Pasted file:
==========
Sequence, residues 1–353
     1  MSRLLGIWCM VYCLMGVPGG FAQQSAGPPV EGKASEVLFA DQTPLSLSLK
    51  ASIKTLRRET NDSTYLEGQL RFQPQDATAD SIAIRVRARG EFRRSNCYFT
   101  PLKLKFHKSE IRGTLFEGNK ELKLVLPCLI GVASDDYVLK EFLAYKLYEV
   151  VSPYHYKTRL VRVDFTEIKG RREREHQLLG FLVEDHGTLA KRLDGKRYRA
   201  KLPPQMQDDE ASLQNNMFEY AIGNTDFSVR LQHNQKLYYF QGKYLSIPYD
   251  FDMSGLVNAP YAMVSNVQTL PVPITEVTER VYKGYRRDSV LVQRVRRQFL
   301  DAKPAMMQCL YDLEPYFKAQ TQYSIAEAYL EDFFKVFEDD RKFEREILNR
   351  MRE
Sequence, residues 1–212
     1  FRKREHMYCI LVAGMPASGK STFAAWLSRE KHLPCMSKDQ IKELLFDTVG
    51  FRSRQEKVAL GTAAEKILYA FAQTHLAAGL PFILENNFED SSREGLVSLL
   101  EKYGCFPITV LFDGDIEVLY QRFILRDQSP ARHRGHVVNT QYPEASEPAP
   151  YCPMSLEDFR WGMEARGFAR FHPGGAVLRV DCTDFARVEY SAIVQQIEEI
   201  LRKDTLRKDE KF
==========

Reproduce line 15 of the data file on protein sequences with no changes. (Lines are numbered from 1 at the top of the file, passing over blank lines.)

   201  LRKDTLRKDE KF